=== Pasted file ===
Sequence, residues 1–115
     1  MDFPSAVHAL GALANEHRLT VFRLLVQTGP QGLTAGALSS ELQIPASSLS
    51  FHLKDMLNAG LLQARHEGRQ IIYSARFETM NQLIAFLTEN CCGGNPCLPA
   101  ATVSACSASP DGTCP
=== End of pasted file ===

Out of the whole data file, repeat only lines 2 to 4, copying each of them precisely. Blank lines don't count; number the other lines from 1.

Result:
     1  MDFPSAVHAL GALANEHRLT VFRLLVQTGP QGLTAGALSS ELQIPASSLS
    51  FHLKDMLNAG LLQARHEGRQ IIYSARFETM NQLIAFLTEN CCGGNPCLPA
   101  ATVSACSASP DGTCP